For all the noble intentions that support the veterans benefits system, disability benefits are monetary, and money creates incentives. Accordingly, it would be naïve to look at the system without understanding these incentives. There are two aspects in particular to highlight: the incentives for attorneys and the incentives for veterans.
The first aspect is the incentives for attorneys. I have recently argued that the financial incentives for attorneys are problematic because they foster procedural bloat rather than encouraging attorneys to obtain the evidence necessary to resolve claims. The essential concern is that, for historical reasons, attorneys rarely become involved with claims until an appeal reaches the U.S. Court of Appeals for Veterans Claims (CAVC). At that point, the record is closed and the attorney can seek reversal only if the necessary record is in the record to support reversal. However, it almost never is. Veterans rarely have attorney assistance at the agency level, and, by the time a claim reaches the CAVC, repetitive reviews at the agency have filtered out most meritorious claims, and the court reviews agency fact finding deferentially. Therefore, it is simply improbable that a case will arrive at the CAVC when a denial was clearly erroneous based upon the available evidence.
As a result, attorneys have no choice except to argue that there was a procedural error that requires a remand. This leads to what I call “procedure whack-a-mole.” Once the courts accept an argument that a VA procedure is deficient, attorneys obtain hundreds or thousands of additional remands in cases with similar fact patterns in the pipeline until that procedure is fixed. However, by the time VA finds an acceptable fix, even more procedural “moles” have sprung up. The problem compounds itself because the increasing number of procedures leads to more interactions between rules and more complexity, which make it harder to develop and execute procedures, particularly when most of the adjudication staff at VA is composed of non-attorneys.
The net effect is easy to see. Going back to my analysis of the FY2008 data:
Prior to the VJRA, VA took an average of 106 days to adjudicate a claim for benefits. As of the fiscal year 2008, that time had risen to 183 days. Although that change is substantial, it is dwarfed by the increase in appellate processing time within the agency. Between the fiscal years 1991 and 2008, the average time to process an appeal has more than doubled from 462 days to almost three years. [I]t is increasingly likely that an agency appeal will lead to a remand and even more delay before a final decision is reached.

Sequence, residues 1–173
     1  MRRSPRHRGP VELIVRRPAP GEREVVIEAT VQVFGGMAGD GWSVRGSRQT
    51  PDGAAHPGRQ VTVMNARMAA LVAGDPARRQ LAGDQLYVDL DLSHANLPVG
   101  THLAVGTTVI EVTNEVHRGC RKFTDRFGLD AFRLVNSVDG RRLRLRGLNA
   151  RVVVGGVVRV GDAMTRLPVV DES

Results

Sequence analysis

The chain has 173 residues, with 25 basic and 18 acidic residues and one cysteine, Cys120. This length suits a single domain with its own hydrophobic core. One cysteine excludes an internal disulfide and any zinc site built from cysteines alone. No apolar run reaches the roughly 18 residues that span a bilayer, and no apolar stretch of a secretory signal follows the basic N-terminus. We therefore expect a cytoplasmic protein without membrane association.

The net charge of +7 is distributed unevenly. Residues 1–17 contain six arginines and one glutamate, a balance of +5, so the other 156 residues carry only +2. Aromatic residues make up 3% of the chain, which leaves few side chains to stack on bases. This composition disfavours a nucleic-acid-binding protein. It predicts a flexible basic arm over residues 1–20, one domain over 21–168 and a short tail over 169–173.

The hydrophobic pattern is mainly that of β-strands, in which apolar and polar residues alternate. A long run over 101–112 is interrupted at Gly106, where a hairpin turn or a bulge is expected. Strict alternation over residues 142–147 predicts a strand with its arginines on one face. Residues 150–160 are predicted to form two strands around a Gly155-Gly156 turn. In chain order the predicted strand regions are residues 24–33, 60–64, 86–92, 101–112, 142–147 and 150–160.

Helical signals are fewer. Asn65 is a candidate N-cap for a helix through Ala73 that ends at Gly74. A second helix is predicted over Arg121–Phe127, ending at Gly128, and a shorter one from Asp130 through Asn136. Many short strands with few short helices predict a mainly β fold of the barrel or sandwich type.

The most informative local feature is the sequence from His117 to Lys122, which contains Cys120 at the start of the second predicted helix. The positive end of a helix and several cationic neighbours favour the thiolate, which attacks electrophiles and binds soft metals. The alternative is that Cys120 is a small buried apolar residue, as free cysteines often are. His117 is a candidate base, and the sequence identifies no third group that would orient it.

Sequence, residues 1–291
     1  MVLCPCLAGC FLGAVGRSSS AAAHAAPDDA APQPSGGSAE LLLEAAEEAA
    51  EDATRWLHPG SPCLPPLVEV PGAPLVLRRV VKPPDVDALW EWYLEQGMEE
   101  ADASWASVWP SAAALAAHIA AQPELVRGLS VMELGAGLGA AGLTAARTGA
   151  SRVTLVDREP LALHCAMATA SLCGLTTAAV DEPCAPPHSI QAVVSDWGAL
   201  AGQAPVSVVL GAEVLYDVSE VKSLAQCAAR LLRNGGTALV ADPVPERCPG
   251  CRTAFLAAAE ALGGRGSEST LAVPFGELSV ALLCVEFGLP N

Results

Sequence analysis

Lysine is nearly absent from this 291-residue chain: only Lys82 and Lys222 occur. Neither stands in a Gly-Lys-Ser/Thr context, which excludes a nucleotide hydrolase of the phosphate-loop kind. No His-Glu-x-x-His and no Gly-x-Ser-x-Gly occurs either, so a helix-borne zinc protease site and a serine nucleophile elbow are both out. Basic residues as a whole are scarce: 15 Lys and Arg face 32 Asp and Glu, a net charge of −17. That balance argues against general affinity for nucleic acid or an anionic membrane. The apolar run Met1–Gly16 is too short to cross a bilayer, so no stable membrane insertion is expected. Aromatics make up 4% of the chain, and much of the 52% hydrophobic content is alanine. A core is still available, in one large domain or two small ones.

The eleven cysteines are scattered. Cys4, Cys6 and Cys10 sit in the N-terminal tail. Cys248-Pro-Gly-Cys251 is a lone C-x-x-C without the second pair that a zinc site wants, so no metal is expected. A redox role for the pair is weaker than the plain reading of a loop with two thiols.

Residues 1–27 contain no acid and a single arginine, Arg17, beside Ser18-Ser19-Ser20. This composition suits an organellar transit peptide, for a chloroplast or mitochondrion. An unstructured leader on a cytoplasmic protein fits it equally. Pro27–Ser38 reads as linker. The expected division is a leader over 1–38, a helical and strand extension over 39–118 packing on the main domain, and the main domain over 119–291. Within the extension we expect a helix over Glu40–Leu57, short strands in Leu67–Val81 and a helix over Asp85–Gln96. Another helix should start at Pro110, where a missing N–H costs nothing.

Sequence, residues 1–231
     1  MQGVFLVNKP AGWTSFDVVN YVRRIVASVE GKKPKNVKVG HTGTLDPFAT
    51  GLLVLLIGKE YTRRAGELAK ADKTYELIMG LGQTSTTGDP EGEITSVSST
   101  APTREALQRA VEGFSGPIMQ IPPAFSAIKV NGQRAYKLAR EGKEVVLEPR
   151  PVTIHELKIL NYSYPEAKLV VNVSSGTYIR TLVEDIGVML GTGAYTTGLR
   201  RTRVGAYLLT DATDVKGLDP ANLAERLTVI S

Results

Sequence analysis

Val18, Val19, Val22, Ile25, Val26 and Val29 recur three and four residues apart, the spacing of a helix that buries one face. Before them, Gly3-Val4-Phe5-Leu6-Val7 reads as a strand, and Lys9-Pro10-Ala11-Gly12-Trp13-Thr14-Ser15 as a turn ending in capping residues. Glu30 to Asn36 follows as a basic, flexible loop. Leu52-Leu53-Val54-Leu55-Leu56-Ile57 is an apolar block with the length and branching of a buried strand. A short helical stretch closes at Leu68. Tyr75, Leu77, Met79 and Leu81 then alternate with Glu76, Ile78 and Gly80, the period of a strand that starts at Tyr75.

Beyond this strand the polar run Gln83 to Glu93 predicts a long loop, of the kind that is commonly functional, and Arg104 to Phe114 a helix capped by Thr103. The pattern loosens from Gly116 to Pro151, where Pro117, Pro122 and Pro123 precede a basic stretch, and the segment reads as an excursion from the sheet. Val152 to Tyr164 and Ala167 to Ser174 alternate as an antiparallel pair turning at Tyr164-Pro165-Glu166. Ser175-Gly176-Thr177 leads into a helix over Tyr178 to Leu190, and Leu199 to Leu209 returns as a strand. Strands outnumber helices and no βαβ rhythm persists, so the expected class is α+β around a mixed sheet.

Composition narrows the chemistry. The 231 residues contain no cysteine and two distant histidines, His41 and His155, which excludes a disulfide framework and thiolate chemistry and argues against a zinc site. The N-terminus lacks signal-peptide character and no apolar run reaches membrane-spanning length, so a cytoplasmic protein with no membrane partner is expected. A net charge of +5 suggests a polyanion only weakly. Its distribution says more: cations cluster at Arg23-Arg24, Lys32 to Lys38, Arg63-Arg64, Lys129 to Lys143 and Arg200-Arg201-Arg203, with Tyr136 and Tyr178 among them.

To be clear, the attorneys who advocate all the procedural arguments at the courts are fine people who have the best interest of veterans at heart. I know many of them and they all want the system to work better. (The great thing about veterans law is that nobody either inside or outside of VA enters veterans law because they do not like veterans and want to make them suffer. They all just have different perspectives on the problem they are trying to solve.) It is simply unfortunate that the financial model of judicial review (which I will discuss more in a future post) drives them toward time-consuming procedural arguments that perpetuate claims, rather than helping veterans obtain the evidence needed to bring resolution.
The second aspect affecting system is the financial incentives on veterans. Here I will refer you to Michael Waterstone, Returning Veterans and Disability Law, 85 Notre Dame L. Rev. 1081 (2010). The essential problem is that the system rates veterans on a scale from 0 to 100% disabled and, therefore, the only way to receive more money is to show that your medical conditions have gotten worse. Paying veterans to grow worse creates an incentive at odds with the ideal of rehabilitating disabled veterans and encouraging them to lead high-functioning lives. Of course, the veterans benefits system is not the only one that struggles to find a coherent way to support the disabled without creating unnecessary dependency. If you have not already heard it, I would recommend that you check out the recent episode of This American Life, entitled “Trends with Benefits.” The New York Times has also explained how the Social Security disability system makes it very difficult to get back into the workforce once a person starts accepting benefits. Accordingly, the problem is not unique, but it is still important. What can we do to structure benefits to not just provide for the minimum needs of veterans, but to help them thrive regardless of any service-related impairments that they may have acquired?
In the last decade, Great Britain has moved to a system that emphasizes lump sum payments with no ongoing need to demonstrate a continuing disability. This workers-compensation-style system has its advocates here as well, but for the moment, there does not appear to be any support among the veterans service organizations for this kind of radical reform. However, there is a tremendous opportunity if someone can design a system that makes the incentives for rehabilitation clearly outweigh the incentives to grow worse. There are a number of great articles waiting to be written here, and I certainly encourage new thinking in this area.